Rumors about the queen’s supposed unhappiness with the name have circulated for several days along with stories that the palace was blindsided by the announcement of the birth, as it took more than an hour and a half for Buckingham Palace to issue an official statement of congratulation.
So now it’s a semantic argument about the difference between “consulting” versus “seeking permission” versus “asking.” The thing is, the BBC’s initial report was pretty black-and-white: The Sussexes “did not consult the queen about using her childhood nickname Lilibet for their baby… a Buckingham Palace source says she was never asked about it.” This is why Harry’s lawyers at Schillings have issued threats of libel against the BBC. As the Daily Mail noted:
The BBC report on the Palace’s position and Harry’s fiery reaction implies both parties believe they are telling the truth on the issue. It suggests that Harry and Meghan could have informed the Queen of Lilibet’s name before taking Her Majesty’s non-denial as consent. On the other hand, the Palace briefings appear to hint that the Queen felt she was presented with the couple’s decision and asked to rubber stamp it, rather than give permission.
Despite Harry’s strong condemnation of the BBC report about Lilibet today, Buckingham Palace refused to comment on whether the story was true when approached by MailOnline. The aide behind the Palace leak to the BBC is unknown, though it is thought to be a senior official. It’s also unclear if the Queen was aware of the comment, though it is considered almost unprecedented for the monarch not to sign off on quotes from senior officials, even if they are anonymous briefings.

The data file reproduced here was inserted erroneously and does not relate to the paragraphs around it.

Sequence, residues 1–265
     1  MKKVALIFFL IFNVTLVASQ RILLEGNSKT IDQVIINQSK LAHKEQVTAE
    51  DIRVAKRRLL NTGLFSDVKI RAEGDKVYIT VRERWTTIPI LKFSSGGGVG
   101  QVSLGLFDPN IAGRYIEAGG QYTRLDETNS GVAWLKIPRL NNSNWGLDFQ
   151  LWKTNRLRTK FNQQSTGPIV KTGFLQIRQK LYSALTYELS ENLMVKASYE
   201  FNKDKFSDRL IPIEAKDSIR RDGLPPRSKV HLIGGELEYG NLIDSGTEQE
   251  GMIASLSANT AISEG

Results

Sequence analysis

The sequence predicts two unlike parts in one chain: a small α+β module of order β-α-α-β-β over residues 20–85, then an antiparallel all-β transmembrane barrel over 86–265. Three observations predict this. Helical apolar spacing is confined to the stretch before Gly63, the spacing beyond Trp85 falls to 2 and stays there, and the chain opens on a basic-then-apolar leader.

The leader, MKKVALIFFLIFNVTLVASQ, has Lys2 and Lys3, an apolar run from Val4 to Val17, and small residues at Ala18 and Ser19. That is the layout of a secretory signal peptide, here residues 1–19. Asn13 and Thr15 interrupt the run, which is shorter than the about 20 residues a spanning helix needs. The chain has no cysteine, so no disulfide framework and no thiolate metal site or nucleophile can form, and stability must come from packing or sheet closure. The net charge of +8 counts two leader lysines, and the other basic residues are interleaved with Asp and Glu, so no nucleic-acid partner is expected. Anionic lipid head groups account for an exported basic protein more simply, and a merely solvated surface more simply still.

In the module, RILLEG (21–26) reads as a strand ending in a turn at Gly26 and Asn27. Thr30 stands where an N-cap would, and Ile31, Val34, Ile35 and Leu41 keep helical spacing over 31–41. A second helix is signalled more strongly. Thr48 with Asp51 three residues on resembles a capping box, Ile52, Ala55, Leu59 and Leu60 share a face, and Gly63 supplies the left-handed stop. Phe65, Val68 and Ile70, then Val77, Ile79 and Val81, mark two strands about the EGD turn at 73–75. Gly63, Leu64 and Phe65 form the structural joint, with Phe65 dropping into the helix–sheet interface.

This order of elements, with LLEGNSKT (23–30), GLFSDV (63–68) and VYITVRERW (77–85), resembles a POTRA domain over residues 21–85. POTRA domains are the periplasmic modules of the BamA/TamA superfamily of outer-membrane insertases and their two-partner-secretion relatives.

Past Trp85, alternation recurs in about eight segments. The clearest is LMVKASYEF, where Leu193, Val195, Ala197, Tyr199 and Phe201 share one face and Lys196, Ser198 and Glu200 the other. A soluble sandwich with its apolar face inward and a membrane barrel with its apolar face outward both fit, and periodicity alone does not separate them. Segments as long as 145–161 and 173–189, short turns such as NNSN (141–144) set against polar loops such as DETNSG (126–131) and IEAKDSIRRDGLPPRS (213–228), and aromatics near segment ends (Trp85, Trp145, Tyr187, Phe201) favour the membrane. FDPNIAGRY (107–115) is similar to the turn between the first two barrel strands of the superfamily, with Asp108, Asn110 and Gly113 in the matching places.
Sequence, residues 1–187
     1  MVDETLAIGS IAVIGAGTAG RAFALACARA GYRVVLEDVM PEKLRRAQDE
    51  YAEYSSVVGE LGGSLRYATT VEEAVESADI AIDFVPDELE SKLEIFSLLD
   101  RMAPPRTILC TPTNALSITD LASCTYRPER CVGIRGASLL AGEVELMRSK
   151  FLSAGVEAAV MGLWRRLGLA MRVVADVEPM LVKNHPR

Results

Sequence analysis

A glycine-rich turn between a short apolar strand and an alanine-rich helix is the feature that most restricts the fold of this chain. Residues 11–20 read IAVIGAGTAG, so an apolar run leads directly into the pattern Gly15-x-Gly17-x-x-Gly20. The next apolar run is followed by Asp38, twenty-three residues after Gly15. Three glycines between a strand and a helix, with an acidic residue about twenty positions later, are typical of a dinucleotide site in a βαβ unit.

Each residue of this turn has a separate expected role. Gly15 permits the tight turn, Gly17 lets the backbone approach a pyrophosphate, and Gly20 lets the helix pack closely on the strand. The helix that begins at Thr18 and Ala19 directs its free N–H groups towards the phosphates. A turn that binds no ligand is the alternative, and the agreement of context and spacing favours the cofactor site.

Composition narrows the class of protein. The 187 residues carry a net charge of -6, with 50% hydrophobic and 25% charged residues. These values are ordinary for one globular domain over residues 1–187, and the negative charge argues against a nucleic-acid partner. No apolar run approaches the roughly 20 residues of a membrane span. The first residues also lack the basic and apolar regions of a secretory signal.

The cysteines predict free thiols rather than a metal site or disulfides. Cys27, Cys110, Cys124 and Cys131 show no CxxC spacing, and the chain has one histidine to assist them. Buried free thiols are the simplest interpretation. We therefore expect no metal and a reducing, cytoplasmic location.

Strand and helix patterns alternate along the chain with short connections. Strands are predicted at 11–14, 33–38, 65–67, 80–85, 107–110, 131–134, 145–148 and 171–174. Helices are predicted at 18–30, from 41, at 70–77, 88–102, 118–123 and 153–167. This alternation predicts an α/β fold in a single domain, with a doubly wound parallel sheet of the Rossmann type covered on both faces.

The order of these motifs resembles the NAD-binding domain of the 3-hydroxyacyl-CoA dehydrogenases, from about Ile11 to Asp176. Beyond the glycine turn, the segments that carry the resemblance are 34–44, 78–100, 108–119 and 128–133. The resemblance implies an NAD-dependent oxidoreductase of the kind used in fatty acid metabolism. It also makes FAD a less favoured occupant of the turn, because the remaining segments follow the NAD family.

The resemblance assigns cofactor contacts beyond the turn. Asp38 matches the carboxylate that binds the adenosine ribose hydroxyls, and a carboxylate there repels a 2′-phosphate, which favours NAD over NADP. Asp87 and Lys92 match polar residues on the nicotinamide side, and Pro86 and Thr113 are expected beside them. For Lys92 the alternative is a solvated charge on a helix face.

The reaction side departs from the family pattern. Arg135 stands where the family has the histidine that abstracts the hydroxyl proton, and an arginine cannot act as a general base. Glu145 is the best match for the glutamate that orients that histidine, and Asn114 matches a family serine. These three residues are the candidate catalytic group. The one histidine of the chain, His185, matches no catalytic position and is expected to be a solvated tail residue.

“It is considered almost unprecedented for the monarch not to sign off on quotes from senior officials…” Oh. So those same aides are now comfortable throwing the Queen under the bus, huh? They’re saying she implicitly or explicitly signed off on their briefing against the Sussexes, not just this week, but everything in the past four years?
The thing is, I have zero doubt that there are senior palace aides who went to Jonny Dymond at the BBC and poured scorn on Prince Harry for “not asking the Queen.” I legitimately believe that so many of these awful, shady stories begin that way, with palace aides briefing reporters about internal family matters. I can totally understand why Dymond reported it the way he did. The issue isn’t his reporting, it’s the fact that the senior palace aides briefing against the Sussexes had no idea what Harry said or didn’t say to the Queen. Which puts the onus on the Queen to either back her grandson’s version or continue to say nothing and allow her courtiers to run roughshod over her grandson. Which… is very short-sighted by the palace aides. You never want to put your “primary” boss in this position. Anyway, a complete f–king clownshow, but we knew that.
Photos courtesy of Avalon Red, Backgrid.